Plastic Scrap Market Analysis
Most Chinese businesses want to jump on the US bandwagon to search for plastic scrap they can trade or make money from. The magic formula seems to be to buy plastic scrap in the United States at low prices, export it to China, and make money. While many see the United States as an opportunity with open doors, I personally think that this window is becoming more narrow.
I say this because the United States is rapidly developing its own plastic scrap marketplace. Instead of shipping all plastic scrap into China for processing, most high quality, clean scrap is now being traded and sold locally at premium prices (at prices much higher than China). What gets exported is usually low in quality and or difficult and time consuming to separate and process.
I read an article from ABC News titled â€œManufacturing in America: US Set for a Manufacturing Renaissanceâ€œ which sheds a little light into the situation. According to experts, in the coming 5 years, the United States will see a â€œmanufacturing renaissanceâ€œ where consumers will find more products made in the USA. The United States will become one of the cheapest locations for manufacturing in developed countries. While China is well known for its cheap labor, the wage gap between China and the USA is closing rapidly due to the continual increase in value of the Renminbi (Chinese Yuan) and Chinese wages (15-20% increase annually).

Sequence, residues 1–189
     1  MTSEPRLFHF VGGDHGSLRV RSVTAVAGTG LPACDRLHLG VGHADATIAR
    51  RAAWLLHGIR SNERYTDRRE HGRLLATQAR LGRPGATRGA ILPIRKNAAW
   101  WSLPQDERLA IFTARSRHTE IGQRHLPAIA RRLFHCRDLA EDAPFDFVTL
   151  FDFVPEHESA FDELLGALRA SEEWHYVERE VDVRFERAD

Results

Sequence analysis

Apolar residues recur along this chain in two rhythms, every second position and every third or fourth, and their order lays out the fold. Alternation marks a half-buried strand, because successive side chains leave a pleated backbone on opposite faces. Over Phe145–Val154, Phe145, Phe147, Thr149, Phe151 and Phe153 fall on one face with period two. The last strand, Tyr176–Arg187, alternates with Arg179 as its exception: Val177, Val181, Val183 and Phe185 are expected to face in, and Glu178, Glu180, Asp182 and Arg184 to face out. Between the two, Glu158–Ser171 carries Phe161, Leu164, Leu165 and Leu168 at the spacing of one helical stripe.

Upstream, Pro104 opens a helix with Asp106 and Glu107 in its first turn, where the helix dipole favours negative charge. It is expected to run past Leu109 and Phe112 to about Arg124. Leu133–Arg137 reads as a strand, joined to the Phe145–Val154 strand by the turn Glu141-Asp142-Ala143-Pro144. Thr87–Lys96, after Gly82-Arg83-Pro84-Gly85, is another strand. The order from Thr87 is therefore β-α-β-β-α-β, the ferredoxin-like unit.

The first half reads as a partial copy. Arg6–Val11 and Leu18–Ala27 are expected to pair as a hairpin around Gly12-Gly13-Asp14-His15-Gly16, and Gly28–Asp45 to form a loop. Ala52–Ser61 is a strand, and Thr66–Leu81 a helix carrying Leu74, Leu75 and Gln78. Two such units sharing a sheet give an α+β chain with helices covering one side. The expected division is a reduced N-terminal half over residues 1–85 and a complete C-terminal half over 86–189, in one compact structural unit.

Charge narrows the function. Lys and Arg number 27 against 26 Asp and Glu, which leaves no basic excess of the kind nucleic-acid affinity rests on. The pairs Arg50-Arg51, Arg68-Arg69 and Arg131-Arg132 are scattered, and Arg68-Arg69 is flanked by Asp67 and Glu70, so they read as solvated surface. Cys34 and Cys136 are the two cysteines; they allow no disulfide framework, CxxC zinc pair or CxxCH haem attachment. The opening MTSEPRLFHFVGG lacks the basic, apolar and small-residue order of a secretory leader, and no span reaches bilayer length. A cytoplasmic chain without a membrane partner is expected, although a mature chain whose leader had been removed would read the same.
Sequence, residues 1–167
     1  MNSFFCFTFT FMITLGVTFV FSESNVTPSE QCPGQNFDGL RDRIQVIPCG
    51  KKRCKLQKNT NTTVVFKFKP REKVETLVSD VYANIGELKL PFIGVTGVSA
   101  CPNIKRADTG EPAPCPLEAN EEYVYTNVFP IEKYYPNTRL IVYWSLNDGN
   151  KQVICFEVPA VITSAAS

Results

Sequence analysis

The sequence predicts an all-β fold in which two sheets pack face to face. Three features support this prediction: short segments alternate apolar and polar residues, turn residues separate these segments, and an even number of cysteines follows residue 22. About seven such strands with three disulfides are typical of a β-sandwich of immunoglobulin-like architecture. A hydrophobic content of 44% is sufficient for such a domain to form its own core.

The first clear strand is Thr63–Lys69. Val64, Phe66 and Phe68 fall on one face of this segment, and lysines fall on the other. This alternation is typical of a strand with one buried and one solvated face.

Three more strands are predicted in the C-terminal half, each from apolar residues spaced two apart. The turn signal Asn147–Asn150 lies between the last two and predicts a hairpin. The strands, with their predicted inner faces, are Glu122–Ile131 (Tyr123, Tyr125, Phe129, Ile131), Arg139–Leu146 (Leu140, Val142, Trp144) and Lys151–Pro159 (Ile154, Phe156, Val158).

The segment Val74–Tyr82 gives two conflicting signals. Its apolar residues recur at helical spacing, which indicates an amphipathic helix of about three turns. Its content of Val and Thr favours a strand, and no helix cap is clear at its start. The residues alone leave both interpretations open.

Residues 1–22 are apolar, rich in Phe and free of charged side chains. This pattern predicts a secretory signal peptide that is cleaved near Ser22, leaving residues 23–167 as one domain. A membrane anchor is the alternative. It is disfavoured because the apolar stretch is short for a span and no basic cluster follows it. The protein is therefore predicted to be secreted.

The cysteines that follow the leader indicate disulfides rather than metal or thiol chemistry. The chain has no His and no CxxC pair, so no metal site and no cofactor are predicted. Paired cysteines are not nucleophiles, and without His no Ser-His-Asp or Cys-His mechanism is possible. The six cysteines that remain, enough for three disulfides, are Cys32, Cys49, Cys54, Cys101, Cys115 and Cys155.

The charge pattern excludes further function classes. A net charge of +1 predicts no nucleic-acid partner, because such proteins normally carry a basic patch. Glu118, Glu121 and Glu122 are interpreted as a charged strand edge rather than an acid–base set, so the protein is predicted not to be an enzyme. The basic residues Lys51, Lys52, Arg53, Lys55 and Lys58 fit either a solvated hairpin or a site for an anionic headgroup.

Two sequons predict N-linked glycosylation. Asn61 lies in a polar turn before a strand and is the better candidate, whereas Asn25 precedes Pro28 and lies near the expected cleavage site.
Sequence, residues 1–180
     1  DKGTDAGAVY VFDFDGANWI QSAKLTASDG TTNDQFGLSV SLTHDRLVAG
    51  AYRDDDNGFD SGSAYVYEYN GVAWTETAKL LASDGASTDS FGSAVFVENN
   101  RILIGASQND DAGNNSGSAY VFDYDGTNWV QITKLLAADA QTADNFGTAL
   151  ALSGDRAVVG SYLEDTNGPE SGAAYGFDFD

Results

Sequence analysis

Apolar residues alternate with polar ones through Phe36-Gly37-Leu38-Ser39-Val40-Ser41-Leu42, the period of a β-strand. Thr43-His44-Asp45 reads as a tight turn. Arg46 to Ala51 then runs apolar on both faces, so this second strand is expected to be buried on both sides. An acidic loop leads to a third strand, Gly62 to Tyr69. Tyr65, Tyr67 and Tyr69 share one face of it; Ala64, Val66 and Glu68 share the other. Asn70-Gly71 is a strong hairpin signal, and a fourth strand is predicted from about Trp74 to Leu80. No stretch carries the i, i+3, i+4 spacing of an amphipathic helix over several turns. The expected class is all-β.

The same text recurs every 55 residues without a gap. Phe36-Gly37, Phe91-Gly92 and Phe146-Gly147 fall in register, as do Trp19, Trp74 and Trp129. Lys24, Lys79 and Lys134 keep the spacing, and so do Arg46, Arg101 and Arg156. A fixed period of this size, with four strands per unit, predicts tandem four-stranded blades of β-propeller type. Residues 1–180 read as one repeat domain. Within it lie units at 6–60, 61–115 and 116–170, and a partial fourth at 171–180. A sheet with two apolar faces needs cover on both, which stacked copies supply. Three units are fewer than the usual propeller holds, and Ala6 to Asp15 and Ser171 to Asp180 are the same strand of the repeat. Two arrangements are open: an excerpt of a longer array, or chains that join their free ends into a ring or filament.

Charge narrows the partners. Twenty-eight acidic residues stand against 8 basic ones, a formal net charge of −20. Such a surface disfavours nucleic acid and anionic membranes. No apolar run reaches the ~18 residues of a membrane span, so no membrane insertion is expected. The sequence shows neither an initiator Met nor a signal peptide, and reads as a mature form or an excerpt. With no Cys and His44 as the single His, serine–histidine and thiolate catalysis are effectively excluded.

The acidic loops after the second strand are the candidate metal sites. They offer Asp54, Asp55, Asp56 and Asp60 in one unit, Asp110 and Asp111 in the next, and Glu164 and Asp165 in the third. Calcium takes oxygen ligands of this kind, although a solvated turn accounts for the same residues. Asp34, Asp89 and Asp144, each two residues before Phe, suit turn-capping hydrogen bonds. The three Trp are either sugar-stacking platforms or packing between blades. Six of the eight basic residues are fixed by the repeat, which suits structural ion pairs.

So how does this affect the plastic scrap market? Its simple, there will be less available plastic scrap to export as the United States began to manufacture more products. The government and various activist and lobbying groups are putting pressure on large corporations to use less virgin materials and more recycled ones. Manufacturers that originally started plants in Asia have already started moving its operation back to the USA. This step not only reduces many headaches caused by low quality workers, it reduces transportation costs and increases jobs for the American people.
On the China side of things, the AQSIQ is becoming stricter on controlling the type of recyclables that can be exported to China. The Chinese government has also been cracking down and reducing the issuance of environmental import licenses (required for importing plastic scrap into China). The customs taxes for recyclables is increasing almost quarterly which causes profit margins to nearly diminish.
What can we do to come out of this a winner? The traditional buy low and sell high tactic is no longer a viable business model. The clean, high grade plastic scrap, as mentioned above, are being consumed by the US local markets at high prices. Secondary plastic scrap will see inflated prices due to bid wars between large plastic scrap exporters. Whatâ€™s left are plastics most processors do not dare to handle. If you are a company that can handle this sort of commodity, youâ€™ll definitely come out a winner. Therefore, a key to future success is to build a knowledgeable team capable of processing non-traditional or difficult to handle plastics.
What are your views on the future of plastic scrap industry?